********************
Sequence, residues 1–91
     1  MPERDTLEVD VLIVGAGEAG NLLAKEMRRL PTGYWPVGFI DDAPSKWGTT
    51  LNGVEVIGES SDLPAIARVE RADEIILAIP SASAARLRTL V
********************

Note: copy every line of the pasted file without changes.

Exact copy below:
Sequence, residues 1–91
     1  MPERDTLEVD VLIVGAGEAG NLLAKEMRRL PTGYWPVGFI DDAPSKWGTT
    51  LNGVEVIGES SDLPAIARVE RADEIILAIP SASAARLRTL V